Change is for the better

ROB LONGLEY, SUN MEDIA

, Last Updated: 8:33 AM ET

HAMILTON -- There was a time in what must seem a football lifetime ago that Michael Bishop was ahead of Tom Brady on the New England Patriots depth chart.

There is no comparing Bishop's current job status to the most efficient quarterback in the NFL, of course. But last night at Ivor Wynne Stadium, the 31-year-old took confident strides toward solidifying his future as a CFL starter.

Bishop equalled a career-high three touchdown passes to lead the Argos to a blowout 30-5 victory over the woeful Hamilton Tiger-Cats in front of 28,198 sullen Steeltowners. Toronto now has a record of 1-1.

It went from anxious to efficient and ultimately to comfortable in a promising effort for the strong-armed quarterback.

"He was more anxious to be a starter because there has been so much talk whether he's going to be the next guy for the Argos," said receiver Arland Bruce III, who caught one touchdown pass. "But he settled down and when we had a lead, we had to keep reminding him that he didn't have to come in and be the hero this time."

It didn't hurt that Bishop had a chance to get his feet wet against the hated, but tame pussycats down the QEW, who have lost seven in a row to the Argos. While it wasn't always a dazzling debut, by the time he was given a rest midway through the final quarter, Bishop had completed 17 of 31 attempts for 247 yards.

"I just wanted to get out and get that first touchdown out of the way and let everything take care of itself," said Bishop, whose 73-yard toss to Tony Miles in the second half was the longest regular-season score of his career.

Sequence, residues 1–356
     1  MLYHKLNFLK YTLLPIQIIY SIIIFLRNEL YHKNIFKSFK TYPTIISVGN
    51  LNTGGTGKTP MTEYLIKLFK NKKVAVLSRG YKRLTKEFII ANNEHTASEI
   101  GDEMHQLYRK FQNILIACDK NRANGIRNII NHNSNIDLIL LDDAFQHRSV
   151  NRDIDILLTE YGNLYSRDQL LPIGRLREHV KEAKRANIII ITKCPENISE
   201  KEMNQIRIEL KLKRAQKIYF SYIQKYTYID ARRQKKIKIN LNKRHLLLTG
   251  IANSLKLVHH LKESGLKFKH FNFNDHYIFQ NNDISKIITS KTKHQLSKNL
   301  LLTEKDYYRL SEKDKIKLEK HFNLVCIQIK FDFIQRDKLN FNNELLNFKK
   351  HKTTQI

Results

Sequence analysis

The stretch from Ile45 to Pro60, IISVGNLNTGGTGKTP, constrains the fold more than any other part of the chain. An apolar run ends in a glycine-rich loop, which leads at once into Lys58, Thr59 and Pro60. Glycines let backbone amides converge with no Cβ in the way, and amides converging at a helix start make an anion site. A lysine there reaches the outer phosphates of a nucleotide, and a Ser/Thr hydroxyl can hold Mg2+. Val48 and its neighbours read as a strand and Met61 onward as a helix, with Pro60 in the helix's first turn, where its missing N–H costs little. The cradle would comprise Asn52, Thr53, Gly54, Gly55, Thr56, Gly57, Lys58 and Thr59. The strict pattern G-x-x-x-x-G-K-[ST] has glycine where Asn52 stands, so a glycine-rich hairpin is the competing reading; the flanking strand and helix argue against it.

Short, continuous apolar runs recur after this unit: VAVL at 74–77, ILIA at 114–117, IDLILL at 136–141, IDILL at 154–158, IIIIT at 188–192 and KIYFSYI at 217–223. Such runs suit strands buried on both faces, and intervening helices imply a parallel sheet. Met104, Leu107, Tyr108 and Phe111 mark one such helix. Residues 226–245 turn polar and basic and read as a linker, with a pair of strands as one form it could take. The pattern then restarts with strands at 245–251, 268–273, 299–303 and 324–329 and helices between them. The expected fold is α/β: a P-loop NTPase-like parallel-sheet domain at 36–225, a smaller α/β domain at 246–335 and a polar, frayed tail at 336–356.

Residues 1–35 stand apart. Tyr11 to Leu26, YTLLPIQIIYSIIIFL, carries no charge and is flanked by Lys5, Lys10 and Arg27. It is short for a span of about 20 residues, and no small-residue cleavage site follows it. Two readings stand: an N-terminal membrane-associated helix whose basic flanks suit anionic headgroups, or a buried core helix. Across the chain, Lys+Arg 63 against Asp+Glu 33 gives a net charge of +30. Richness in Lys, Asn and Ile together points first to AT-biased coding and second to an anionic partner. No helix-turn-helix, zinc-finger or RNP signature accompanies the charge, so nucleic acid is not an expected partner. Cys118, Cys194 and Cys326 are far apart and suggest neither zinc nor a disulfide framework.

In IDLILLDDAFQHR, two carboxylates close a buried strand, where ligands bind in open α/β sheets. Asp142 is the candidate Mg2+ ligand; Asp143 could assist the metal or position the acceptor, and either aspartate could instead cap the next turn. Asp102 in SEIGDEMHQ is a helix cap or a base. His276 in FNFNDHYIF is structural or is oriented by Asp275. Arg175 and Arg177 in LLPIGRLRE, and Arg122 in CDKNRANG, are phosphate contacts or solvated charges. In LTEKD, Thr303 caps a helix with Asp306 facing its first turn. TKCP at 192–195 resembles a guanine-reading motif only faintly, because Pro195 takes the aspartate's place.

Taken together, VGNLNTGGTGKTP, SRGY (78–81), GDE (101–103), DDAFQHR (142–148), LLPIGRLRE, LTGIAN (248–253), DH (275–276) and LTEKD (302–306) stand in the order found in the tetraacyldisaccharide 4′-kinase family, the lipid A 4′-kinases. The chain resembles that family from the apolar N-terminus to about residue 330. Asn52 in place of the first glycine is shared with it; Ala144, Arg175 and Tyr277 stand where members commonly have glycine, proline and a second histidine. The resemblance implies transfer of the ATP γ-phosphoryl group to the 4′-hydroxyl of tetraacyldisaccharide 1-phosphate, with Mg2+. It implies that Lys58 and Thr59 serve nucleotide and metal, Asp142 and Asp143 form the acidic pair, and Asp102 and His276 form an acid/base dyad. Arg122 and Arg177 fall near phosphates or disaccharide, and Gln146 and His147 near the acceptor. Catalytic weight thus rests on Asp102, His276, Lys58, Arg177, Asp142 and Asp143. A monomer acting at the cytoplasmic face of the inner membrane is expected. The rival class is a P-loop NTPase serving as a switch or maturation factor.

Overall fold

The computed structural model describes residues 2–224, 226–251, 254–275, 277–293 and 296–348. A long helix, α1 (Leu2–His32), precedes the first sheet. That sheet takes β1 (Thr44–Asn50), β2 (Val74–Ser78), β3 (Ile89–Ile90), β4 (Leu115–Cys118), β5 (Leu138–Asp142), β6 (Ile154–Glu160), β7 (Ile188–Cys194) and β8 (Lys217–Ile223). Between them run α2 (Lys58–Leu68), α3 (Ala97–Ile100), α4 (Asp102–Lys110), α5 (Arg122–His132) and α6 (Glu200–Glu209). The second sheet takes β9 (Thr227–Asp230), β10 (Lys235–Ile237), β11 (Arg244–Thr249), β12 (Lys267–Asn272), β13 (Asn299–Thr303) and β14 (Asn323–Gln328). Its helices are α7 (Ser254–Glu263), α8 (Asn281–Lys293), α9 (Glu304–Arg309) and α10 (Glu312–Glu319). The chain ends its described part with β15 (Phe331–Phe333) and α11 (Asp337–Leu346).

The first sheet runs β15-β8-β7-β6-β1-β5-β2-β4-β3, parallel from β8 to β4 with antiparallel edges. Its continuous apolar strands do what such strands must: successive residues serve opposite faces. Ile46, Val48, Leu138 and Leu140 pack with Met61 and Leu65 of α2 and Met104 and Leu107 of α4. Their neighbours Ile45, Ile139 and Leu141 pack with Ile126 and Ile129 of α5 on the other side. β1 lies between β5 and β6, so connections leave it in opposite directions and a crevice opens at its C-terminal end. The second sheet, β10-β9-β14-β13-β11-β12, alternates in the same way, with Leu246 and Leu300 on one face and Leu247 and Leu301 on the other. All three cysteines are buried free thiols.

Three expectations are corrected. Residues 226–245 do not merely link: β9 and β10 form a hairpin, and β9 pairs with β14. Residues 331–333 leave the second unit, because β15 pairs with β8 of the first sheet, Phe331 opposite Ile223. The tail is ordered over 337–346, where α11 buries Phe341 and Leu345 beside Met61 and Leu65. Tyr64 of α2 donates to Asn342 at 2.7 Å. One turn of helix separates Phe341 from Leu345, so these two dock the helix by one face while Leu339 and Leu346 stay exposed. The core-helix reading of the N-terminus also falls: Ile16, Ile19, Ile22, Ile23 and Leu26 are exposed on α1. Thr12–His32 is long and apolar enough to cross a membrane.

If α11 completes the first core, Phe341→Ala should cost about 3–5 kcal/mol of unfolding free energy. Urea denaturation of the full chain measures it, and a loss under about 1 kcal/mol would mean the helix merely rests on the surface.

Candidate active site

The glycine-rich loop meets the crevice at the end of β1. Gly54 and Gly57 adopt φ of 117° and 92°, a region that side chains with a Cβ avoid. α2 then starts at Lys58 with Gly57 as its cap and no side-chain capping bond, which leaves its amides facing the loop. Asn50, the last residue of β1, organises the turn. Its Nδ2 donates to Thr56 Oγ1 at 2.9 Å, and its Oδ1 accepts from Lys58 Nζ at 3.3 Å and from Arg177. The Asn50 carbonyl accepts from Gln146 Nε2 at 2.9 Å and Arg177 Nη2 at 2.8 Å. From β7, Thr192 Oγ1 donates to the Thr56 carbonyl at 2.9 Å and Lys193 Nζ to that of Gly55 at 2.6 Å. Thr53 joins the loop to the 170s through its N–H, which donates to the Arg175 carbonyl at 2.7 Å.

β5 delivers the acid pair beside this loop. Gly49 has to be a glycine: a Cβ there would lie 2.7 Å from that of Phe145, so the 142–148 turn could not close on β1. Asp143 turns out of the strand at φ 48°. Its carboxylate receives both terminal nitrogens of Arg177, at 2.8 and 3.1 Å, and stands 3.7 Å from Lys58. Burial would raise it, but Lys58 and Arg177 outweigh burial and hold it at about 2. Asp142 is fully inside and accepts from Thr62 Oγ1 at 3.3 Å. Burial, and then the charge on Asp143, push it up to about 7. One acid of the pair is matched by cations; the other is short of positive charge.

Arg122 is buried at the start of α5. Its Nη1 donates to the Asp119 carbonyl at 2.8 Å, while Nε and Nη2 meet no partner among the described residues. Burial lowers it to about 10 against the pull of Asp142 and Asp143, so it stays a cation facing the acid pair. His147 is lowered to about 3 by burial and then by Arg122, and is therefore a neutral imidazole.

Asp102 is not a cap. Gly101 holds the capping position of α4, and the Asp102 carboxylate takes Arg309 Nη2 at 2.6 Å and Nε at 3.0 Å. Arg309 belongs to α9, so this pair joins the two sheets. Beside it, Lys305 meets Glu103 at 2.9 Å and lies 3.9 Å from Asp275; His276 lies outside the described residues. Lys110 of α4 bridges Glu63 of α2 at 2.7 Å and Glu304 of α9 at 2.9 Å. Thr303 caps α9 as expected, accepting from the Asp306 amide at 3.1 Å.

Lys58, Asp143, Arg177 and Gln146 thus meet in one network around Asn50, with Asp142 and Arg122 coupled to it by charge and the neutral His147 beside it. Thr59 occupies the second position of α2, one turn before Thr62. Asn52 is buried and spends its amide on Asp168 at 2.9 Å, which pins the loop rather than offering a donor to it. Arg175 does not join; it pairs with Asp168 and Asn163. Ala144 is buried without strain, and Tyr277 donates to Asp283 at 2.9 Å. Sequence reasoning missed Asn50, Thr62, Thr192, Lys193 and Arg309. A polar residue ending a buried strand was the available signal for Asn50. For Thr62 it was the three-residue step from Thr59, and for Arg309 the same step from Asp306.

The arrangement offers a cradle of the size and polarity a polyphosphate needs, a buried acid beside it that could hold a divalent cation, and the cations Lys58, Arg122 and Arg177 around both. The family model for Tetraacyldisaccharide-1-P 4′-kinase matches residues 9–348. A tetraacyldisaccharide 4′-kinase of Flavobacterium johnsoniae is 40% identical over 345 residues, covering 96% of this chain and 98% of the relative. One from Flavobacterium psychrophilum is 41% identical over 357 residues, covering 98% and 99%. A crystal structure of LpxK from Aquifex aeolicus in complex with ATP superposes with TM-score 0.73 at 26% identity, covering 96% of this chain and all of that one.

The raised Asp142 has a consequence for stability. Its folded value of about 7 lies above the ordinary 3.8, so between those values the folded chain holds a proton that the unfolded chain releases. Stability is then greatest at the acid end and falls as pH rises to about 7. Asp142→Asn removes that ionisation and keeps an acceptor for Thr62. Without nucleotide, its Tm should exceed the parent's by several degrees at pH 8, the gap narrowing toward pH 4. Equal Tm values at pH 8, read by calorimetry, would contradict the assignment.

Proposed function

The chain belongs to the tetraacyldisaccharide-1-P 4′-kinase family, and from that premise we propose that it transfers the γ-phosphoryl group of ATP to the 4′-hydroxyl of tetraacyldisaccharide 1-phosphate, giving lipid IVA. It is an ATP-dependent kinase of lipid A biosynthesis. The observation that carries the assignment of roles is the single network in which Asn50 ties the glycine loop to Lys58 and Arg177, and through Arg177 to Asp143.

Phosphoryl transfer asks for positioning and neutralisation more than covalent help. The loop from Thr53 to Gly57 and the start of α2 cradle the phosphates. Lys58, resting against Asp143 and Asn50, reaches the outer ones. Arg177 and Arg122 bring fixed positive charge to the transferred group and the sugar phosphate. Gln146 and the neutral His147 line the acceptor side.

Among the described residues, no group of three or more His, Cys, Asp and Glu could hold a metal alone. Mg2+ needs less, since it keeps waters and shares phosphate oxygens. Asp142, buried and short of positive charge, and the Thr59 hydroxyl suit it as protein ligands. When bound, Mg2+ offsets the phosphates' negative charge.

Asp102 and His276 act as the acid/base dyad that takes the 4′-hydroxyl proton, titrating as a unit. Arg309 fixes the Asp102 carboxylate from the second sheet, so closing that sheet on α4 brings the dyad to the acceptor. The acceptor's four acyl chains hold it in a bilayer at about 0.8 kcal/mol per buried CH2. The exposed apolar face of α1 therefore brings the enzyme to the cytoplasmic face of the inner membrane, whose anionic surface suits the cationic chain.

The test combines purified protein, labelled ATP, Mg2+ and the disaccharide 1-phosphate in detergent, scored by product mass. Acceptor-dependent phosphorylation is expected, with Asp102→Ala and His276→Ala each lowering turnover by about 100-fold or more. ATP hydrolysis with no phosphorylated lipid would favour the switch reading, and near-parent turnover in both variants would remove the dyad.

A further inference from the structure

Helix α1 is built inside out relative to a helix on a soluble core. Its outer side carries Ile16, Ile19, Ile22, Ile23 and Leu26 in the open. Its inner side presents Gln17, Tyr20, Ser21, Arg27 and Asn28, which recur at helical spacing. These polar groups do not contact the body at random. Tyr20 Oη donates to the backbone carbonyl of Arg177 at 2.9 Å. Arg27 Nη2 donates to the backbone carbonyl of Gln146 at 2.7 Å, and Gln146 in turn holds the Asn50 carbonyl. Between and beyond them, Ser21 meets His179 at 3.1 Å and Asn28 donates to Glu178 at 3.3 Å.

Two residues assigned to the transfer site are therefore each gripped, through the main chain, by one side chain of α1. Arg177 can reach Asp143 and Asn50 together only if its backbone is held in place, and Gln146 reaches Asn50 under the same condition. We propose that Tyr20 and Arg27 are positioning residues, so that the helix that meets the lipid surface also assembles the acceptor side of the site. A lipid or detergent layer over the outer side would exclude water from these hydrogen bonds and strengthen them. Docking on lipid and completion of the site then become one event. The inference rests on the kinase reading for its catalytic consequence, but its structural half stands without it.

Considering Hamilton didn't move the ball deeper than the Argos 53-yard line until midway through the third, there was no need for Bishop to panic, even if he had been nervous.

Instead, he had the luxury of learning on the job he won from 43-year-old Damon Allen after Week 1 and surely will keep for the forseeable future.

He learned how to deal with the Ticats rush, which was particularly fearsome for a while in the first half. He learned that his mobility is an effective tool to allow his talented receivers to buy time and get open. And after settling into a rhythm, Bishop played with greater authority as the game progressed, before giving way to Mike McMahon late in the fourth quarter.

"For his first (game) as a starter, I thought he played solid," said Argos coach Mike (Pinball) Clemons, who has grown weary of the team's quarterback controversy in recent weeks. "He stayed away from mistakes, which is huge."

The success was a long time coming for Bishop. Last night's effort was his first win as a game starter since Oct. 11, 2004.

Bishop's first touchdown strike was a 20-yarder to a wide-open Bruce for an 8-2 lead. The second was set up by a 60-yard pass interference call and ended with a seven-yard pass to Andre Talbot.

It didn't hurt Bishop that the Argos defence was the dominant unit it has been in recent years.

"A new starter coming in, I'm sure he wanted to get comfortable," Argos nose tackle Adriano Belli said. "I think we helped him."


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